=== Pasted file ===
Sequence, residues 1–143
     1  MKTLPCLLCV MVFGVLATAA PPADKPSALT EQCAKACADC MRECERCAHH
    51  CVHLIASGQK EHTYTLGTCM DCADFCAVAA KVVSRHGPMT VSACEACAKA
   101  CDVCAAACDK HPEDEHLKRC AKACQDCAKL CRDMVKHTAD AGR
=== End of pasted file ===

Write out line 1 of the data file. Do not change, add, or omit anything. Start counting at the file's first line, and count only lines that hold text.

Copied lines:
Sequence, residues 1–143